The next stop on my list was Mule Canyon. We made a brief stop in Bluff at the Bears Ears Education Center which opened this fall, and I had a great chat with the two volunteers before we continued on our way. The drive to Mule Canyon was spectacular. It’s a gorgeous landscape. Maybe it was the timing or maybe it’s common, but it felt isolated and mostly undiscovered, particularly after driving through Monument Valley.
We stopped first at the Mule Canyon Ruins, a roadside attraction with the remains of a kiva, tower, and block of rooms used by the Anasazi. The site was excavated by the University of Utah back in 1973 and has been a rest stop for decades. It was worth the brief stop and stretch of the legs.
We made our way to the trailhead for the South Fork of Mule Canyon. The trail itself stretches farther than we went, and there are at least 8 different ruins along the canyon. On this trip we hiked only to the first, commonly called House on Fire. I would love to return on a day when we have more time though. The hike was easy, but so tranquil.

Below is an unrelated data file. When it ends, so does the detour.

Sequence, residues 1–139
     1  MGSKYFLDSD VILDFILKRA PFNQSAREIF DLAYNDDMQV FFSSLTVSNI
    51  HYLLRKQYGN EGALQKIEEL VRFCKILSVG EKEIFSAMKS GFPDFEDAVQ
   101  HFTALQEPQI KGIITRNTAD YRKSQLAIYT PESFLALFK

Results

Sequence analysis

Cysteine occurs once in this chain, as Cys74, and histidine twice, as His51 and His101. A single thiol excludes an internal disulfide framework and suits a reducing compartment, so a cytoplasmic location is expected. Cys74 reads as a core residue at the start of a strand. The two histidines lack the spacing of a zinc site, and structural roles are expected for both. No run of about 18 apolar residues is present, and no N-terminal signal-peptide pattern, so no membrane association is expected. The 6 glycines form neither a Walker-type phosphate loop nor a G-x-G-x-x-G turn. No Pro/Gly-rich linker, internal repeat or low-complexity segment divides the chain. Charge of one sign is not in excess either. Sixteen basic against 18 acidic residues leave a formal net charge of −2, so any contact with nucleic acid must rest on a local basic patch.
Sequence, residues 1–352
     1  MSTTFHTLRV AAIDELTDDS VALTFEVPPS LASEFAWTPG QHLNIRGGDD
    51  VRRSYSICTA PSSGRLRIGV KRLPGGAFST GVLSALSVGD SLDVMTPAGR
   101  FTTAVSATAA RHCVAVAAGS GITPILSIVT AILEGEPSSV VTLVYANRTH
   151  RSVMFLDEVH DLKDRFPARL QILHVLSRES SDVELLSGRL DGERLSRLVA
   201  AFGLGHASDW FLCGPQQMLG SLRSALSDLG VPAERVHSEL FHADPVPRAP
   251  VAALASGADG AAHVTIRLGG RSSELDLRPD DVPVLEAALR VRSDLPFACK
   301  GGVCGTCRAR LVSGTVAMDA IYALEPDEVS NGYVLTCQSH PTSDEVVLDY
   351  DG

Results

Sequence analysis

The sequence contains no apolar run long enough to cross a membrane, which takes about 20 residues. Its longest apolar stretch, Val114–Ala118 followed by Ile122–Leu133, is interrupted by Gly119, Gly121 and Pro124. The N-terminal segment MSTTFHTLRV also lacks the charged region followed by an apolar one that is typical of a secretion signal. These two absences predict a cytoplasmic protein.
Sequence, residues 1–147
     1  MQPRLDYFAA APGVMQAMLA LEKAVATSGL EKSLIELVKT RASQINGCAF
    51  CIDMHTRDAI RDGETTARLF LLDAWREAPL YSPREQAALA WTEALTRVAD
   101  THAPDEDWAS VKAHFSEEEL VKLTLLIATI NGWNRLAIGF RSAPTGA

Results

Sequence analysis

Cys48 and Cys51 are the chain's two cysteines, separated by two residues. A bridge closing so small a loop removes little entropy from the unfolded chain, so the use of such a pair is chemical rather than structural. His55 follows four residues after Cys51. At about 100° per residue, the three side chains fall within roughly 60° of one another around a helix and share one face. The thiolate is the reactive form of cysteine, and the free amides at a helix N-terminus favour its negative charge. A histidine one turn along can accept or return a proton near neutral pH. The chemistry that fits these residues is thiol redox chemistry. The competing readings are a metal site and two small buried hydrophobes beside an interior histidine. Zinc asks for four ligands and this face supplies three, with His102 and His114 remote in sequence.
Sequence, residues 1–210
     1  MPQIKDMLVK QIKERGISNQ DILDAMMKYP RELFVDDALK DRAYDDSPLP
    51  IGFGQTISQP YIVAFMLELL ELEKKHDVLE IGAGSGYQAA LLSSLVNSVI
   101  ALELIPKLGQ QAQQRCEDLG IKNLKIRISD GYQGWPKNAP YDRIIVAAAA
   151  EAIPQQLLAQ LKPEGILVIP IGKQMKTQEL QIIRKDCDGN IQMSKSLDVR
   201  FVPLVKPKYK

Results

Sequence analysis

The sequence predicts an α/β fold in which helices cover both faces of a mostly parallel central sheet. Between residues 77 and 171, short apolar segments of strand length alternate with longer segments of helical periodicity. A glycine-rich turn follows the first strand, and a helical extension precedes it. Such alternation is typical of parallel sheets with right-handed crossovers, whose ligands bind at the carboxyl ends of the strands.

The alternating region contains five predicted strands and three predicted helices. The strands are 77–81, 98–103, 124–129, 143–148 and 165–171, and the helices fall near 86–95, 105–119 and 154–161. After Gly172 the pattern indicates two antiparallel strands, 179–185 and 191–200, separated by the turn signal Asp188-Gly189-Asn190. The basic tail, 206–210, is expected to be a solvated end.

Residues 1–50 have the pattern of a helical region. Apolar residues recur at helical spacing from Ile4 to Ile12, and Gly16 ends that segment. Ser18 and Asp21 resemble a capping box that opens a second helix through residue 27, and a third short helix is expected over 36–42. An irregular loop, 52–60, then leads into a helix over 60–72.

We got started around 11am and only one other car was parked by the trailhead. We didn’t see anyone until we reached the ruins roughly a mile down the trail. It was a quiet morning and Tru enjoyed running up and down the bank in and out of the wash.
We arrived at the ruins as the other couple with their dog was leaving giving us the place to ourselves. The ruins of five granaries sit up off the trail built into the side of the sandstone. The Ancient Puebloans fashioned these granaries to store their corn, a staple of their diet. We caught the ruins at the right time of day for the streaked overhang to glow in the sunlight like flames.
We spent quite a bit of time admiring the ruins. Zach and Tru crawled around other parts of the sandstone too. I briefly considered continuing down the trail (it was such a nice day!), but we really didn’t have the time for it. We still had the bulk of our drive to Salt Lake… We’ll save the rest of the South Fork for next time!